So, what happens? Your analyst spends a few days attempting to investigate every single alert, quickly realizes it isn’t possible, and stops responding to alerts altogether.
Discouraged, many organizations drift away from threat intelligence, and set their sights elsewhere.
What can we learn from this?
Quite simply, more isn’t better. Better is better.
So, how do we get better intelligence? First, we have to start from the realization that intelligence is only useful if it can be acted upon in a timely manner.
It’s no use knowing about something you can’t change, just as it’s no use finding out about a threat after it’s taken place.
To be truly valuable, your threat intelligence capability must deliver actionable intelligence in a timely manner. When this happens, your security operations staff are able to make informed decisions at speed. When this doesn’t happen, they aren’t.
Again, the goal isn’t to obtain more intelligence, it’s to gain better intelligence. In this case, “better” means relevant.
This is where context comes in. The very best threat intelligence solutions are able to contextualize intelligence by comparing alerts with other sources, internal telemetry, and a detailed understanding of your organization’s infrastructure. As a result, the alerts pushed to human analysts are far fewer in number, but much higher in quality, enabling security operations staff to make informed, proactive decisions at speed.
So far we’ve been talking exclusively about intelligence. In this case, though, perhaps a different term is more appropriate: Threat context.
In a previous article, we explained in detail the difference between data, information, and intelligence. In that piece, we explained that threat intelligence platforms don’t actually provide intelligence, they provide a mixture of threat data and threat information.
To truly count as threat intelligence, an output must be relevant, fully contextualized, and actionable.
Unfortunately, the term threat intelligence has been misused to such an extent that it no longer holds this distinction. Security vendors, experts, and practitioners alike have taken to labelling anything delivered by a threat feed as intelligence, irrespective of its operational value.
For that reason, we’d like you to consider valuable outputs in a slightly different light: Not as threat intelligence, but as threat context.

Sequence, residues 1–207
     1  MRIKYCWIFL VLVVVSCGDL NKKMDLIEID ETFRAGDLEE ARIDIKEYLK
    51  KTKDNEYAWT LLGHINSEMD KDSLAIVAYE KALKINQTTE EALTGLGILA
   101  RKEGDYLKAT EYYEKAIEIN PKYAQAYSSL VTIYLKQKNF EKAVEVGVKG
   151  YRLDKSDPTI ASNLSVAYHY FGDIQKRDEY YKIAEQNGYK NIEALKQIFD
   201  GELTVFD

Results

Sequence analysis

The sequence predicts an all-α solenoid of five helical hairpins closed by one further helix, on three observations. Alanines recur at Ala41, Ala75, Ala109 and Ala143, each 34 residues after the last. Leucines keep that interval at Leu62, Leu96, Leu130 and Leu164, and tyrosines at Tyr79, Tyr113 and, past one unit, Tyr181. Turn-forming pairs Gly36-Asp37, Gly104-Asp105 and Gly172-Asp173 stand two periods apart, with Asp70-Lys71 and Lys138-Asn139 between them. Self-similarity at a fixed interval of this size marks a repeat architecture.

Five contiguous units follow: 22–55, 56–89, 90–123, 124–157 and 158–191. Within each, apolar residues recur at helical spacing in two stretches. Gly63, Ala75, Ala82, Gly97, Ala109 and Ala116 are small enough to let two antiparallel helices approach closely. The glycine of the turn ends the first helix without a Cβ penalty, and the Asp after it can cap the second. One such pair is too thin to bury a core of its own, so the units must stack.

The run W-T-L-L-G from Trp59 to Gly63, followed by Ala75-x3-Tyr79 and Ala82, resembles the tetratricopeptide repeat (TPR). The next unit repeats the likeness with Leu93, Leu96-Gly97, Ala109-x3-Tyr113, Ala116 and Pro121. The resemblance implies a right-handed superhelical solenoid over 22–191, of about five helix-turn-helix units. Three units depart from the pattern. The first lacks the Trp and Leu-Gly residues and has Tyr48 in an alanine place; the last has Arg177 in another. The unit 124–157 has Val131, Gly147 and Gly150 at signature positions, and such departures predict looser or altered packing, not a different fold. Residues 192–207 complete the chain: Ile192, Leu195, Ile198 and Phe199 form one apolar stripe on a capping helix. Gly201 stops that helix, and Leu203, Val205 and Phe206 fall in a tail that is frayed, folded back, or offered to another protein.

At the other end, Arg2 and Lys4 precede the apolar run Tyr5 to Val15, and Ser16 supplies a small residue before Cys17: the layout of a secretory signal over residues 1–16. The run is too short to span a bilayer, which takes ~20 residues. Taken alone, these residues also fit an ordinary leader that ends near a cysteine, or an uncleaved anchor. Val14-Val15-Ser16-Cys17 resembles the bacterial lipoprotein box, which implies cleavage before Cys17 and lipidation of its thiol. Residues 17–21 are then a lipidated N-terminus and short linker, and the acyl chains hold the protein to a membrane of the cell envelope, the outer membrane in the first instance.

As with any other information-based field (whether it’s news media, blogs, or podcasts) threat context is only worthy of the title if it is relevant, easily digestible, and includes the necessary details.
After all, nobody in Minnesota orders daily copies of the Mumbai Mirror. It’s news, yes, but it’s not relevant news.
Naturally, Recorded Future is the result of our concerted effort to consistently deliver true threat context to each of our customers.
Recorded Future combines threat data and information from a huge range of sources, using natural language processing (NLP) to ensure even threat actor chatter on hidden foreign-language forums is identified. Using powerful AI — including machine learning and predictive analytics — this broad range of inputs is automatically processed, contextualized, and converted into an easily digestible format.
Vitally, unlike many solutions, Recorded Future doesn’t rely on a database of intelligence, as this dramatically hinders the speed with which important alerts can be pushed to human analysts. Instead, our threat intelligence machine is organic and grows in real time, enabling relevant threats to be pushed to human analysts the moment they are identified.
In addition, Recorded Future can be easily integrated with SIEM solutions, instantly providing the context necessary for a human analyst to triage security events from a firewall log 10 times faster than the manual alternative.
To start seeing the benefits of powerful threat context for free, sign up for our Cyber Daily email. Each day, you’ll receive up-to-the-minute results for technical indicators such as the most targeted industries, threat actors, and exploited vulnerabilities.